The Basics Of Atari Graphics
Tom R. Halfhill
If you are new to the Atari and have acquired a bit of familiarity with BASIC, but have not yet taken the plunge into graphics, this article will introduce you to the fundamentals.
For some reason, many people are intimidated by the programming steps required to create computer graphics. Probably this is because creating computer graphics is not as easy as it looks. The typical buyer of a personal computer is dazzled in the store by all the fantastic arcade games and impressive graphics demos with which the sales people are armed. It all looks so simple. Then the buyer eagerly unpacks the computer at home and quickly discovers that even crude pictures cannot be created without screenfuls of cryptic programming that seemingly have more in common with Sanskrit than English.
But there is hope. It's not really that hard--honest. Nobody is promising that you'll be able to duplicate Star Raidersor PacManany time soon, but the basics of computer graphics are quite easy to grasp for anyone who has some knowledge of BASIC programming. You don't need to be a math wizard, either. The most valuable attributes are a willingness to learn and to experiment. And, of course, to be creative.
Choosing A Graphics Mode
Atari graphics are particularly challenging to learn, mainly because the Atari computers have extremely versatile graphics. Luckily, Atari made it easier for us by including many special keywords in Atari BASIC that are dedicated to graphics. The first step, then, is to learn those keywords. And by the way, if you don't already have your Atari BASIC Reference Manualhandy, take a second to grab it. This book and the Manualshould help to explain each other.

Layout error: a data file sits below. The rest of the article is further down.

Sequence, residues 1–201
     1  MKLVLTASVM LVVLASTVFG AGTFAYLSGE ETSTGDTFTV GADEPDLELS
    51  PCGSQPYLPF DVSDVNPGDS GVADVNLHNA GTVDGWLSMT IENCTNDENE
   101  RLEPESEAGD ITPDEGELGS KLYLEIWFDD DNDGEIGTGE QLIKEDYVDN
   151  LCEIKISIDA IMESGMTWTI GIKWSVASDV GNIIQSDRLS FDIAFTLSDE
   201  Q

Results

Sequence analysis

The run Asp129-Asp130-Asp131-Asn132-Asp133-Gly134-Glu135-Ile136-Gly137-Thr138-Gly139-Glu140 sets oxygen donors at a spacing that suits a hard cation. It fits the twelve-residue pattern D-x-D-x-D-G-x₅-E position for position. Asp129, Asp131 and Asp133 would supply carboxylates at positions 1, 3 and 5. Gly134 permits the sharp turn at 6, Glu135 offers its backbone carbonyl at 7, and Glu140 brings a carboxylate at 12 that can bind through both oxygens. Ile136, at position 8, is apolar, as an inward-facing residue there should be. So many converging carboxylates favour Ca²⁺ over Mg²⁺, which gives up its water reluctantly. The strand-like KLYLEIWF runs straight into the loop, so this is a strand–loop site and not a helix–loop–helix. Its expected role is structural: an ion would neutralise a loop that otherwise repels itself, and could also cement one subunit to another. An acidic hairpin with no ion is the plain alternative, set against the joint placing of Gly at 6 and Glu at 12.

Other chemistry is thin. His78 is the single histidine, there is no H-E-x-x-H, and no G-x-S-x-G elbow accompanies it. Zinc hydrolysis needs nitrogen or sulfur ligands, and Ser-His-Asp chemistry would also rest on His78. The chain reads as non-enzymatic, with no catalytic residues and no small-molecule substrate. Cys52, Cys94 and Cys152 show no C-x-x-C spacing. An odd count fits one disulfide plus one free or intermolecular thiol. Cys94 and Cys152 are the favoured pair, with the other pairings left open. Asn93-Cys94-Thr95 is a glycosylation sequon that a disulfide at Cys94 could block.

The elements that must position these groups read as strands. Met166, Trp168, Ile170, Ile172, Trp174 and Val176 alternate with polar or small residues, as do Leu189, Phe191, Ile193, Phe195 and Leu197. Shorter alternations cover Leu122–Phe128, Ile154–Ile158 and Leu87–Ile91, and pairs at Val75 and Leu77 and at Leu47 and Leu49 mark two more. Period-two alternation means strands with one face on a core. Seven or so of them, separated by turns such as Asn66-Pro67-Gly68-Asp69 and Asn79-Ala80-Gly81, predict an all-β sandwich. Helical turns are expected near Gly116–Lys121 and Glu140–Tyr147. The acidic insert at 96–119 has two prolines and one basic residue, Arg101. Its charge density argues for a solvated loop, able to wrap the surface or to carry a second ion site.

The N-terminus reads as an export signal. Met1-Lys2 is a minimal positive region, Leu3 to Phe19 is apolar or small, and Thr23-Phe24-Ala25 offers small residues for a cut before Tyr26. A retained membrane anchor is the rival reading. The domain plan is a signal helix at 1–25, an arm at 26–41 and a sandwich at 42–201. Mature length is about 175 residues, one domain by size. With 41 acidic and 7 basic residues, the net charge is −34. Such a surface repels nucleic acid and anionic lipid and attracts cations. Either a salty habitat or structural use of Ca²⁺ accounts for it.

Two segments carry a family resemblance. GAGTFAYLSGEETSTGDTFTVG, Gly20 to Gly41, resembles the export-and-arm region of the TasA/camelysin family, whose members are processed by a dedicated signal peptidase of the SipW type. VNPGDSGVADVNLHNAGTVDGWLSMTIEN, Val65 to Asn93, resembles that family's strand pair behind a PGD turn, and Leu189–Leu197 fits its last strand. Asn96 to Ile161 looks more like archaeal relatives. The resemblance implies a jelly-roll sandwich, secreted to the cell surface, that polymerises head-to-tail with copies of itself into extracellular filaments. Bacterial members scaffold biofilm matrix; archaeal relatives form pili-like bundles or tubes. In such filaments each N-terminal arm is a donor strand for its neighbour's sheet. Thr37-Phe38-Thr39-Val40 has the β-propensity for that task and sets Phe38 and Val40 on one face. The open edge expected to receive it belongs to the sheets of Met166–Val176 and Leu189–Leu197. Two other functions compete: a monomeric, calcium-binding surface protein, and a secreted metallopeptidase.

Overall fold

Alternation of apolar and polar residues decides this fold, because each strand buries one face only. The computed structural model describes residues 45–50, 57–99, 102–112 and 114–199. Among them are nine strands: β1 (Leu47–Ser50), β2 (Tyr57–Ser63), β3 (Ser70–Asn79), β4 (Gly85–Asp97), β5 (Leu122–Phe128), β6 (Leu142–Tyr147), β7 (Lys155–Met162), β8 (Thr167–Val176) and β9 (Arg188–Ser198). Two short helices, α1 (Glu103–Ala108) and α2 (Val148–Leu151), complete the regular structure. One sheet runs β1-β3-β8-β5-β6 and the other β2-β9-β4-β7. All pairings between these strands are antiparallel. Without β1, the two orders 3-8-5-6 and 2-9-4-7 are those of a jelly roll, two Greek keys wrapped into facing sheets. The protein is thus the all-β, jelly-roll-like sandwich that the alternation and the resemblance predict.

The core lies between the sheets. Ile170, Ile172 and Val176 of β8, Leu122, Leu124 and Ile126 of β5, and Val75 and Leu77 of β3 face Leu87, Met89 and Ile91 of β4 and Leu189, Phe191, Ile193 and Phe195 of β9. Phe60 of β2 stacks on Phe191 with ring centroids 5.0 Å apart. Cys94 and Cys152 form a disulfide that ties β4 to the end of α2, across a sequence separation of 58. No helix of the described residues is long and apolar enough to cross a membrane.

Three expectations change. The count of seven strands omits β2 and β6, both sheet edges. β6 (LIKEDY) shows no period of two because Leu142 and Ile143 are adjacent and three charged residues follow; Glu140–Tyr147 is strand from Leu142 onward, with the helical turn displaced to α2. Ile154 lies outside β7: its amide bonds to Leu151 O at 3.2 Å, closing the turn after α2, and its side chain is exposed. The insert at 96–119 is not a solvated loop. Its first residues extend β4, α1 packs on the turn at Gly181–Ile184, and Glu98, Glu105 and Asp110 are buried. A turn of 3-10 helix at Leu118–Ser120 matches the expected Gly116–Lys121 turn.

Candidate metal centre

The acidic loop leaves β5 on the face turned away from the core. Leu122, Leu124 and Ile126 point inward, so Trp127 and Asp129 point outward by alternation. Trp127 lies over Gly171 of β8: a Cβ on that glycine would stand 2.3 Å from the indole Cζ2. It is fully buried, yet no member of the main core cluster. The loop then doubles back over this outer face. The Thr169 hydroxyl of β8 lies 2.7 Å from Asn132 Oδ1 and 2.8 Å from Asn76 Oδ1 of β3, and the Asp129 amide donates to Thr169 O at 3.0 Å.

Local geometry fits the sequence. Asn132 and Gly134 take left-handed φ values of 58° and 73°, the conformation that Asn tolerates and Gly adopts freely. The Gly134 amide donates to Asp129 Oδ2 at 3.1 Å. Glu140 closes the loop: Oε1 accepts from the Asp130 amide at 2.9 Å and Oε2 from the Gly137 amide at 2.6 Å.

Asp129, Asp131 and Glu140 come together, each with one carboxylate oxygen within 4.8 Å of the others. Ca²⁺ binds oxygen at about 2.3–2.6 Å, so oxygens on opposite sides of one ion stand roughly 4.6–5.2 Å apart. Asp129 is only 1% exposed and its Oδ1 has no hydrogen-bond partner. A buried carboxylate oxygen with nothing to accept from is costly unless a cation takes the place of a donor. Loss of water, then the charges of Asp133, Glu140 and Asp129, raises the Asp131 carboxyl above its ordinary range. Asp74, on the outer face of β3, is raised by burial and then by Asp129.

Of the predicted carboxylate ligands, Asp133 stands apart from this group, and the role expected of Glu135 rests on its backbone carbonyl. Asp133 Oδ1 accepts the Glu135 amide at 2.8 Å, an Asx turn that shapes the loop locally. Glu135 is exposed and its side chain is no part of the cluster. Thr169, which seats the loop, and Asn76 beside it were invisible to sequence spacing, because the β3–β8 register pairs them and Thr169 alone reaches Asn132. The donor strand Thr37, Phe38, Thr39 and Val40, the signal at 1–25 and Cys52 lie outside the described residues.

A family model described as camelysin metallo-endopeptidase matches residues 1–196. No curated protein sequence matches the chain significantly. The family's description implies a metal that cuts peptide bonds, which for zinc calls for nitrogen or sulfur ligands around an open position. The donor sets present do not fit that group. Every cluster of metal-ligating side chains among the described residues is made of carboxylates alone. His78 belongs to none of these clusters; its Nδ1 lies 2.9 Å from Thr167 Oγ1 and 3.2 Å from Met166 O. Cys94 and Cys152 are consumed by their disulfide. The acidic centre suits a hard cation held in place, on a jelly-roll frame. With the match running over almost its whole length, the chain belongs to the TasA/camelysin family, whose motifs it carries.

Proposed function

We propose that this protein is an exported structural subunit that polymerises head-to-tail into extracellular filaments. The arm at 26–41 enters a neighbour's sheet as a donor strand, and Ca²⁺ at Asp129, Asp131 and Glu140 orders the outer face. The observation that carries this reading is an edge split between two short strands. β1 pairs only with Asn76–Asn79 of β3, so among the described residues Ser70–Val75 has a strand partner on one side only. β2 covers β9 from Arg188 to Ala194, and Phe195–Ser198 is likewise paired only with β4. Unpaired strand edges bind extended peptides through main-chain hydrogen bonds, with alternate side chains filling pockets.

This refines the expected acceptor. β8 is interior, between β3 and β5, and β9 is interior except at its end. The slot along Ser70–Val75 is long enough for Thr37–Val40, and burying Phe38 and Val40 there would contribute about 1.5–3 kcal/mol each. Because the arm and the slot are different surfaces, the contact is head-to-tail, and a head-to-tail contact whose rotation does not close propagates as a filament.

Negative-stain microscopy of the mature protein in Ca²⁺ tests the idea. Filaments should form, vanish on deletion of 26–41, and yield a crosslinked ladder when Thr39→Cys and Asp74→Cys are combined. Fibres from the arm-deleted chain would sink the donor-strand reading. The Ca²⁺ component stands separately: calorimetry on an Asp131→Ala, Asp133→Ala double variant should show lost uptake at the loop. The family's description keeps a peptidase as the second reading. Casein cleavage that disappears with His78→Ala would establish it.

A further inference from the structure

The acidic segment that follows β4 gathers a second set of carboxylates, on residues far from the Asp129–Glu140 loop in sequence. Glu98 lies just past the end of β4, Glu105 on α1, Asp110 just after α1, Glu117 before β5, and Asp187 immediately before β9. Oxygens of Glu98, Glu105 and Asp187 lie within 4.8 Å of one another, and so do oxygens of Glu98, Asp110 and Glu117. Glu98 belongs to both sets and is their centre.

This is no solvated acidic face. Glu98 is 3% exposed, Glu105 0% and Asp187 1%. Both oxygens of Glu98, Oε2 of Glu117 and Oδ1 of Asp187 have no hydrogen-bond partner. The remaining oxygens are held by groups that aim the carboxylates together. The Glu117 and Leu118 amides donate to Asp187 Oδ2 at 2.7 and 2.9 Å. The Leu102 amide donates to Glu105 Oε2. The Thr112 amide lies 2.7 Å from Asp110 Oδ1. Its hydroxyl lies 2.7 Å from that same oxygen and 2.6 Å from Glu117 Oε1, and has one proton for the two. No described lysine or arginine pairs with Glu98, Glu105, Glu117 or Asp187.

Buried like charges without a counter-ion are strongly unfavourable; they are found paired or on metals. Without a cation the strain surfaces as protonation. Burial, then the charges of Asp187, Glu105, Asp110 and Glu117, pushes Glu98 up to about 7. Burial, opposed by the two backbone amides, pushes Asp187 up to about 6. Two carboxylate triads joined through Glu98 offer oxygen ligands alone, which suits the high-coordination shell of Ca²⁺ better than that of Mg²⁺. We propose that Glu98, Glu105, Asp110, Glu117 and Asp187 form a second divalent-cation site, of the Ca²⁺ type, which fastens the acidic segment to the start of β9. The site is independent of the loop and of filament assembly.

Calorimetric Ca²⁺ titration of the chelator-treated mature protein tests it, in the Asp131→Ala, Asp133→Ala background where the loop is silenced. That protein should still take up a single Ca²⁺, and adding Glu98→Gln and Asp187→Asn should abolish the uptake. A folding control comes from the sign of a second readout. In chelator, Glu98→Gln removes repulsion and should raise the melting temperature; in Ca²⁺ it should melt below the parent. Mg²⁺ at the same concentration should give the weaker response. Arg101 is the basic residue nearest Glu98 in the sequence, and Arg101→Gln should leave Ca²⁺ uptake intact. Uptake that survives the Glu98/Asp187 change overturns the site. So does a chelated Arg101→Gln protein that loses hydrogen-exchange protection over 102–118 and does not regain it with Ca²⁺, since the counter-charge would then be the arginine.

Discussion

The most basic of the keywords is the GRAPHICS command. This tells the computer which graphics mode you want, which in turn determines how the screen will look. The format is GRAPHICS (aexp), where (aexp) is any arithmetic expression that results in a positive integer (in other words, not a negative number or a fraction). For example, GRAPHICS 6 is a valid command which tells the computer you want graphics mode six. GRAPHICS 3 + 3 or GRAPHICS 3*2 would do the same thing.
Depending upon how old your Atari is, the GRAPHICS command gives you access to either nine or twelve different graphics modes. The reason for the difference is that earlier Ataris (generally, those shipped before late 1981) came with a TV controller chip called the CTIA. Later Ataris have a GTIA chip instead. The chips are fully compatible--programs written on CTIA Ataris will run on GTIA machines and vice versa--but the GTIA adds three new graphics modes. Users with CTIA chips can have their computers upgraded if they wish. (See "Atari Video Graphics And The New GTIA" in Chapter 6.)
So, you have either nine or twelve basic graphics modes to choose from. In addition, most of them have two variations, for a total of up to 20 modes.
The modes are of two main types: pure graphics modes and text modes. The first three modes--GRAPHICS 0, 1, and 2--are text modes. When you switch on an Atari with a BASIC cartridge plugged in, it defaults to GRAPHICS 0. GRAPHICS 0 has 24 horizontal rows of up to 40 characters each on the screen. (If you've counted only 38 characters, it's because the left margin is pre-adjusted to allow for TVs which overscan, or cut off the left edge of the screen image.) GRAPHICS 1 and 2 display larger-size characters. GRAPHICS 1 characters are the same height as those in GRAPHICS 0, but are twice as wide. GRAPHICS 2 characters are not only twice as wide, but also twice as tall.